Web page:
Basically if they have auto-tune and a sob-story they’re gonna have a pretty good chance.
Yeah, that’s what a lot of the kids are now used to so it’s a natural thing for a lot of people whereas coming from the slightly more old-school stance, it’s bizarre the way things have gone really with TV and ratings.
But then on the other hand, The Voice UK actually cancelled their live tour so maybe that’s a sign of things to come that this could be a turning point and people are going back to actually writing their own songs.
Yeah well that’s where the talent is I think. I’m not saying there isn’t people that come out of them programs without talent but it’s a conveyer belt isn’t it; on to the next one and I do think people get false illusions about it but I suppose if you get your five minutes of fame it’s better than not getting it at all so you can see why people are interested and get pulled in by it. It’s a whole different world to what I do but at the same time it’s music and music is all in the same grace now. The music scene has changed a lot, it doesn’t seem to be put into categories anymore. There’s just too much stuff out there really.
Oh yeah, genre is effectively dead. You can’t really categorise anything by genre anymore.
It’s absolutely bizarre. It’s also down to certain radio stations as well playing a certain thing, that’s what they play and that’s what kids buy or download. If they’re not being exposed to certain bands or rock music or whatever then they can’t go out and buy it because they don’t know what it’s about.
Yeah it hasn’t been brought to their attention.
There’s too many other things on the internet that kids are interested in aswell. It’s really what people are educated with musically that I think that can become popular or not popular really, if you’ve got loads of rock on the radio then kids will start buying rock music again it’s that simple really.
And then you say the music industry has changed a lot since you guys started, would you prefer if it stayed the way it was back then or the way it is now.
Although I don’t like some of the stuff with the labels and the deals as well weren’t great back in the day and probably aren’t now but I did prefer the old way. I’m pleased I experienced that for quite a long time with so many years with the old model in some way but the problem was that the labels should have embraced technology instead of trying to shut it down and that’s when it all went pear-shaped but I think it was in some way harder but it was easier in other ways. There’s almost too much choice now, the internet’s a powerful thing but it’s almost like too much of a good thing really and I still like the old school way. It’s how we started and I have some fond memories of those times even though some of the deals we did at the time weren’t financially as good as they could have been but we were pretty lucky as we’ve been on a small label, we had quite a lot of freedom.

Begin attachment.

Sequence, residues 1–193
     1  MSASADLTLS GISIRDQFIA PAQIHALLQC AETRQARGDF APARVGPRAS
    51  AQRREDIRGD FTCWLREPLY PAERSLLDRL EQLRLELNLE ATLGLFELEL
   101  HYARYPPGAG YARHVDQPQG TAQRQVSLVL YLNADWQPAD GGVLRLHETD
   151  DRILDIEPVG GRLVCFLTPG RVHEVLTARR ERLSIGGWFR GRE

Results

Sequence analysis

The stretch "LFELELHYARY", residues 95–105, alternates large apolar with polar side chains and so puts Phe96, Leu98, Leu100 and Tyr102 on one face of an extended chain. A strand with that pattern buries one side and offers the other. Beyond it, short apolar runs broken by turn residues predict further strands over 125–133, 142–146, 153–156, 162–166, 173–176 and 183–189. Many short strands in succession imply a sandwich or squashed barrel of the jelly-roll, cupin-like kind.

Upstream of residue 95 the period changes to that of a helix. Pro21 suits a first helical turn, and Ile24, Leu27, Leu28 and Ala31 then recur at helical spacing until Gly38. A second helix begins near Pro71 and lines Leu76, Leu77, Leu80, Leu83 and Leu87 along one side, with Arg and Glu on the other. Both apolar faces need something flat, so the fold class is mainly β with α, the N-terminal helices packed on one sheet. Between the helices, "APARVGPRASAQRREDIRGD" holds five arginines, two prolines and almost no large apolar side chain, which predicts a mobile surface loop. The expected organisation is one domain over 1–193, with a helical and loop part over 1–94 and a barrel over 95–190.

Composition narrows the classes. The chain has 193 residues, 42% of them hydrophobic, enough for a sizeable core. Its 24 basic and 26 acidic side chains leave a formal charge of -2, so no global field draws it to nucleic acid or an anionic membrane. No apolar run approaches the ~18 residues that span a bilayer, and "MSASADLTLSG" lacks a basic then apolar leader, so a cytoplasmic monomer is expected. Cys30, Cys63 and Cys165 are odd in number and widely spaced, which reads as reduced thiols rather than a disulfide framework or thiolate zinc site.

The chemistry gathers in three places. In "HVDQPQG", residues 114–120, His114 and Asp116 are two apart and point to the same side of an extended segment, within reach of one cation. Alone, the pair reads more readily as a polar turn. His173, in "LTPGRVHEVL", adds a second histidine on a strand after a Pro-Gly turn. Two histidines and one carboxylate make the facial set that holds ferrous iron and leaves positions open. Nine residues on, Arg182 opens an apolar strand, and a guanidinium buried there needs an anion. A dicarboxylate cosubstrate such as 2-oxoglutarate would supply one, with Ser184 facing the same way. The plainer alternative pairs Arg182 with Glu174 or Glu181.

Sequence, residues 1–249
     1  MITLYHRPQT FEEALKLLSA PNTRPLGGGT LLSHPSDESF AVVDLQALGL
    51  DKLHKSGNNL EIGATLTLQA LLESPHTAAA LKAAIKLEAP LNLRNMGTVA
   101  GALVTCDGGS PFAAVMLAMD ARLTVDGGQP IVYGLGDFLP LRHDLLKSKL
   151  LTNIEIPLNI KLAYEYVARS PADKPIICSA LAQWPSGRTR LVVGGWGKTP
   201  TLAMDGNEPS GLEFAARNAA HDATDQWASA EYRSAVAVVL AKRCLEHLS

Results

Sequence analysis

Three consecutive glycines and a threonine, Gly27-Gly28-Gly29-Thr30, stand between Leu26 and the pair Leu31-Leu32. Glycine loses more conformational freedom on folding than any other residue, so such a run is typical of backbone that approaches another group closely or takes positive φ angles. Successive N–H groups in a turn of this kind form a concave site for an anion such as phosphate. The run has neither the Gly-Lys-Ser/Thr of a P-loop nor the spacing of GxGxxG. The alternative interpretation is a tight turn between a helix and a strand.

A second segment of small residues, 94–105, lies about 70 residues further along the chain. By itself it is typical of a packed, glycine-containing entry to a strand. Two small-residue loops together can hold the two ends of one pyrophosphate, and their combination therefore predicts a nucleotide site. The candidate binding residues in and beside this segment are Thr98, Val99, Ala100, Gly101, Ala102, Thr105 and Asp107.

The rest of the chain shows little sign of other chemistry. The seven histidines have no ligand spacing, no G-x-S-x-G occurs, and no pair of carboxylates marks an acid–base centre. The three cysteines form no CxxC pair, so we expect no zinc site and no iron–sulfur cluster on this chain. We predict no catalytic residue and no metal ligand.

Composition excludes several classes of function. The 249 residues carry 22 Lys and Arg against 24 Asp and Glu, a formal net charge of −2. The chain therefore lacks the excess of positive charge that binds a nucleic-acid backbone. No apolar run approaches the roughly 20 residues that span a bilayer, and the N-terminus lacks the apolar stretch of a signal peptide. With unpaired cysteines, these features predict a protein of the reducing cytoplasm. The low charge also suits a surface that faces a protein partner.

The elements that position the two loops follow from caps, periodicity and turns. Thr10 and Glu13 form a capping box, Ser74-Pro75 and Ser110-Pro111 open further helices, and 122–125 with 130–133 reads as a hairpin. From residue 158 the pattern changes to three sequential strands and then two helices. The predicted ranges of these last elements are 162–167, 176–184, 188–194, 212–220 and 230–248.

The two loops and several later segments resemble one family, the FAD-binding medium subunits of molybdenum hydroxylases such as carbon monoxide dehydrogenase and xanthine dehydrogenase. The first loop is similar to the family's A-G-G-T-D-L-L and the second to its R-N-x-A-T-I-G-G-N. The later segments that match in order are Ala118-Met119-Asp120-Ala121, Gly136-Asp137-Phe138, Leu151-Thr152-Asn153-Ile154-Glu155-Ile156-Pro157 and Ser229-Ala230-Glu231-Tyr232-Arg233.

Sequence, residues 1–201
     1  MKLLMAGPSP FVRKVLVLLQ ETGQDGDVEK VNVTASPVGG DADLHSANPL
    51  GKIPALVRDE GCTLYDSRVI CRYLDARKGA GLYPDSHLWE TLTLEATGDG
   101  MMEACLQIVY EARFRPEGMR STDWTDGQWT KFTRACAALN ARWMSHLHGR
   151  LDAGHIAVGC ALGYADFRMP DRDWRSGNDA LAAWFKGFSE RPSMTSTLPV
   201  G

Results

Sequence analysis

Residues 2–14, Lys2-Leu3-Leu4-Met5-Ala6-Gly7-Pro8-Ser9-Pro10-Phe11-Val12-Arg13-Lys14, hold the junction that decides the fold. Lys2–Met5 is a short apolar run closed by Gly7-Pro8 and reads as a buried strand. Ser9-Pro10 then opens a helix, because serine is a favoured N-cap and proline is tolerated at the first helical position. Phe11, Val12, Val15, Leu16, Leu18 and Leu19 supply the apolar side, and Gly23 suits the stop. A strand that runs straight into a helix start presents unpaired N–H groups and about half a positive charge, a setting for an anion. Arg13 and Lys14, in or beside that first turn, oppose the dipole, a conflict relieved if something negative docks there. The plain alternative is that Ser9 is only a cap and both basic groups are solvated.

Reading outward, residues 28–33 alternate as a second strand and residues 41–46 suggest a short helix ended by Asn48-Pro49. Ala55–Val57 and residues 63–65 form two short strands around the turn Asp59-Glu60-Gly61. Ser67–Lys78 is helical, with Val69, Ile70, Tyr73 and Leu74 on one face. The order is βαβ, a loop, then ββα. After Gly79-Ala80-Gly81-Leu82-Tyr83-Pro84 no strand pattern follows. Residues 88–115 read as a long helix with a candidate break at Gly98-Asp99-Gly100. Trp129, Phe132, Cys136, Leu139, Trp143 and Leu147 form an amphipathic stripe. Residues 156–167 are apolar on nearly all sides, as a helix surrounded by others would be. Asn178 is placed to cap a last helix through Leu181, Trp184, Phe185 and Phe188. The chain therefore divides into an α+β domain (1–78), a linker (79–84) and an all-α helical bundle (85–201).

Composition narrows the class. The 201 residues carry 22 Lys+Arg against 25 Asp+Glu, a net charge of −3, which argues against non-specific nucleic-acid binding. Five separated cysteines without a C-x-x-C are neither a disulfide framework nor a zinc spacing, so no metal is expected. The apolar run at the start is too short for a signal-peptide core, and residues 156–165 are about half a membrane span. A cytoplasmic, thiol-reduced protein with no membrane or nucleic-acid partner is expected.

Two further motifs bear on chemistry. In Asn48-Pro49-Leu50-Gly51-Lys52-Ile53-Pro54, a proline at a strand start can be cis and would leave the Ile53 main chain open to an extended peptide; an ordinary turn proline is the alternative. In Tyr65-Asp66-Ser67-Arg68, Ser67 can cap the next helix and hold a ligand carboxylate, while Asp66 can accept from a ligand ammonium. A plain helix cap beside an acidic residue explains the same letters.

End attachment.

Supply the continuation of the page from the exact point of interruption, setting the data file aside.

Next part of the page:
And do you prefer touring or prefer recording?
I’m a real recording person as I live producing and writing stuff. But don’t get me wrong I do love touring aswell I think it’s a happy medium. I think it depends on the success of each record aswell. Some albums are more fabricated than others. I think a combination of the two but I would probably say I still really enjoy the writing and studio process. You’ve got a little bit less pressure, you don’t really have to worry about all the travelling but saying that it’s awesome to go play music live to people. If you have a good show it’s the best feeling in the world, you don’t get that in the studio.